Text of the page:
A colorant for use in the present invention may be a master batch prepared by mixing and kneading a pigment with a resin.

Examples of binder resins for use in the production of the master batch or in kneading with the master batch are, in addition to the aforementioned modified and unmodified polyester resins, polystyrenes, poly-p-chlorostyrenes, polyvinyltoluenes, and other polymers of styrene and substituted styrenes; styrene-p-chlorostyrene copolymers, styrene-propylene copolymers, styrene-vinyltoluene copolymers, styrene-vinylnaphthalene copolymers, styrene-methyl acrylate copolymers, styrene-ethyl acrylate copolymers, styrene-butyl acrylate copolymers, styrene-octyl acrylate copolymers, styrene-methyl methacrylate copolymers, styrene-ethyl methacrylate copolymers, styrene-butyl methacrylate copolymers, styrene-methyl α-chloromethacrylate copolymers, styrene-acrylonitrile copolymers, styrene-vinyl methyl ketone copolymers, styrene-butadiene copolymers, styrene-isoprene copolymers, styrene-acrylonitrile-indene copolymers, styrene-maleic acid copolymers, styrene-maleic ester copolymers, and other styrenic copolymers; poly(methyl methacrylate), poly(butyl methacrylate), poly(vinyl chloride), poly(vinyl acetate), polyethylenes, polypropylenes, polyesters, epoxy resins, epoxy polyol resins, polyurethanes, polyamides, poly(vinyl butyral), poly(acrylic acid) resins, rosin, modified rosin, terpene resins, aliphatic or alicyclic hydrocarbon resins, aromatic petroleum resins, chlorinated paraffins, and paraffin waxes. Each of these resins can be used alone or in combination.

The master batch can be prepared by mixing and kneading a resin for master batch and the colorant under high shearing force. In this procedure, an organic solvent can be used for higher interaction between the colorant and the resin. In addition, a “flushing process” is preferably employed, in which an aqueous paste containing the colorant and water is mixed and kneaded with an organic solvent to thereby transfer the colorant to the resin component, and the water and organic solvent are then removed. According to this process, a wet cake of the colorant can be used as intact without drying. A high shearing dispersing apparatus such as a three-roll mill can be preferably used in mixing and kneading.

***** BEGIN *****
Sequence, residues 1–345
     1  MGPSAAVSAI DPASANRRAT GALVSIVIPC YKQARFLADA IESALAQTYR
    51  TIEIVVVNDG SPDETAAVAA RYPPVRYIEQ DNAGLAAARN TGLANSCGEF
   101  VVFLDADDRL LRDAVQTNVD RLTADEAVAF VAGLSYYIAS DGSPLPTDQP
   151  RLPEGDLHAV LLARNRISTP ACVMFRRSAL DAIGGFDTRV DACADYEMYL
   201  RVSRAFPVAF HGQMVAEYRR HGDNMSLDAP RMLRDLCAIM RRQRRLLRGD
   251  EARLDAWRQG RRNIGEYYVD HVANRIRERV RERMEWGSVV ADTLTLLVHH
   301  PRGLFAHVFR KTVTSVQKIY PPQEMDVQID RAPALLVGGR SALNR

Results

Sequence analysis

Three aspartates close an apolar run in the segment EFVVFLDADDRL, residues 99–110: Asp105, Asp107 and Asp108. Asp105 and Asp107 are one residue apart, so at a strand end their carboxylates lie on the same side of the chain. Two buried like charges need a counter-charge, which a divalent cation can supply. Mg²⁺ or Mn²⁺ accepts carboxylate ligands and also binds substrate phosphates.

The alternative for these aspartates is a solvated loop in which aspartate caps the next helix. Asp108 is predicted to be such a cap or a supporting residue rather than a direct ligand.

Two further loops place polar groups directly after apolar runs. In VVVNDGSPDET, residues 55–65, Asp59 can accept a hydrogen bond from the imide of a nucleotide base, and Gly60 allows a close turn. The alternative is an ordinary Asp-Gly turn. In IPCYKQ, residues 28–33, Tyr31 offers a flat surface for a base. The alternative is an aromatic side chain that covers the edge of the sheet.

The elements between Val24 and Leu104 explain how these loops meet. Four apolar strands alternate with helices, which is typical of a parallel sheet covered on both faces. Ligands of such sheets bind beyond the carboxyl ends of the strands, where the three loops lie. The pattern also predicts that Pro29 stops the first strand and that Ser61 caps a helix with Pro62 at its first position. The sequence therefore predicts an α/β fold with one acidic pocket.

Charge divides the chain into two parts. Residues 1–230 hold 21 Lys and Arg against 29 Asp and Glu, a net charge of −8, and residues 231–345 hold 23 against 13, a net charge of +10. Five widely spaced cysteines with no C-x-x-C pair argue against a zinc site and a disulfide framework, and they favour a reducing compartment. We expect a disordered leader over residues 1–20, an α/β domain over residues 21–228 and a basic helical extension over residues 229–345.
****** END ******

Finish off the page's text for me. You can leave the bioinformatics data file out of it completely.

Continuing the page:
The toner may further comprise a charge control agent according to necessity. Charge control agents include known charge control agents such as nigrosine dyes, triphenylmethane dyes, chromium-containing metal complex dyes, molybdic acid chelate pigments, rhodamine dyes, alkoxyamines, quaternary ammonium salts including fluorine-modified quaternary ammonium salts, alkylamides, elementary substance or compounds of phosphorus, elementary substance or compounds of tungsten, fluorine-containing active agents, metal salts of salicylic acid, and metal salts of salicylic acid derivatives. Examples of the charge control agents include commercially available products under the trade names of BONTRON 03 (Nigrosine dyes), BONTRON P-51 (quaternary ammonium salt), BONTRON S-34 (metal-containing azo dye), BONTRON E-82 (metal complex of oxynaphthoic acid), BONTRON E-84 (metal complex of salicylic acid), and BONTRON E-89 (phenolic condensation product) available from Orient Chemical Industries Co., Ltd.; TP-302 and TP-415 (molybdenum complex of quaternary ammonium salt) available from Hodogaya Chemical Co., Ltd.; COPY CHARGE PSY VP2038 (quaternary ammonium salt), COPY BLUE PR (triphenylmethane derivative), COPY CHARGE NEG VP2036 and COPY CHARGE NX VP434 (quaternary ammonium salt) available from Hoechst AG; LRA-901, and LR-147 (boron complex) available from Japan Carlit Co., Ltd.; as well as copper phthalocyanine pigments, perylene pigments, quinacridone pigments, azo pigments, and polymeric compounds having a functional group such as sulfonic group, carboxyl group, and quaternary ammonium salt.

The amount of the charge control agent is not specifically limited, can be set depending on the type of the binder resin, additives, if any, used according to necessity, and the method for preparing the toner including a dispersing process. Its amount is preferably from 0.1 parts by weight to 10 parts by weight, and more preferably from 0.2 parts by weight to 5 parts by weight relative to 100 parts by weight of the binder resin. If the amount is more than 10 parts by weight, the toner may have an excessively high charge, the charge control agent may not sufficiently play its role, the developer may have increased electrostatic attraction to a development roller, may have decreased fluidity or may induce a decreased density of images.